Abstract: Although outsiders have played an important role in social protest in the U.S., outsiders’ role in the U.S. labor movement has been the focus of spirited debate. Debate about outsider organizers, in particular, reached a fevered pitch in the late 1990s, and continues today. This paper scrutinizes two of the core assumptions of this debate: that insider and outsider organizers operate differently on union recognition campaigns, and that workers respond to them differently in these settings. We analyzed 153 in-depth interviews with workers and organizers conducted at the height of the debate, in order to answer two questions: What is the role of outsider organizers during private sector union recognition campaigns, and how do outsider organizers secure workers’ consent in these settings? All of the organizers in our data-set were graduates of the AFL-CIO’s Organizing Institute, and 64 of them were outsiders. The outsider organizers in our data-set confronted barriers that insider organizers did not, including workers’ concerns about their youth, inexperience and lack of professionalism, and their own inability to relate to workers. While many critics of outsider organizers claim that these barriers are insurmountable, we found the opposite to be true. The vast majority of outsider organizers in our data-set successfully secured workers’ consent by demonstrating commitment, building relationships, and being honest and forthright. After proposing changes in organizer training and leadership development in response to these findings, we conclude with a brief discussion of the enduring debate about outsiders’ role in social protest in the U.S.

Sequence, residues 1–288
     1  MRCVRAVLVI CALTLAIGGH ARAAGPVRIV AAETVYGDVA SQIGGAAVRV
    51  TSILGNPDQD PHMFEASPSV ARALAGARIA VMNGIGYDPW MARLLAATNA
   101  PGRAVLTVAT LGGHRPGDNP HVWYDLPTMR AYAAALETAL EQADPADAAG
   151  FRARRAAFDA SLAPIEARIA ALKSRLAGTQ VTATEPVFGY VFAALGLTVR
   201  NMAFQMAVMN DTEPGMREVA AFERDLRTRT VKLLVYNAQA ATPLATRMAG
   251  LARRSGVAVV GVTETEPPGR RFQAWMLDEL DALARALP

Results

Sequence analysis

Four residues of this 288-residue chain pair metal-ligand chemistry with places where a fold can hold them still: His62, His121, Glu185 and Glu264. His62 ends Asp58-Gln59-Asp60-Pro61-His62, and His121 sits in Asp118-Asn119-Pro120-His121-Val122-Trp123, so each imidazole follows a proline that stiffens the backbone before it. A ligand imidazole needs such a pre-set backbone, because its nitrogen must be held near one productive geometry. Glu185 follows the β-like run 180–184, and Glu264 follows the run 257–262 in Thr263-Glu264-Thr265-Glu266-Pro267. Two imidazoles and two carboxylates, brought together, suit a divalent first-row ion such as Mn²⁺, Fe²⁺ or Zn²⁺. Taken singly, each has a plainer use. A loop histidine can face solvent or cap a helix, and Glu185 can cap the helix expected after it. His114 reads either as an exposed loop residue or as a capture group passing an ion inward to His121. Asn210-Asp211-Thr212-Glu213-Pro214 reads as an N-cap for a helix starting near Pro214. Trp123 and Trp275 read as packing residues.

- Union recognition campaigns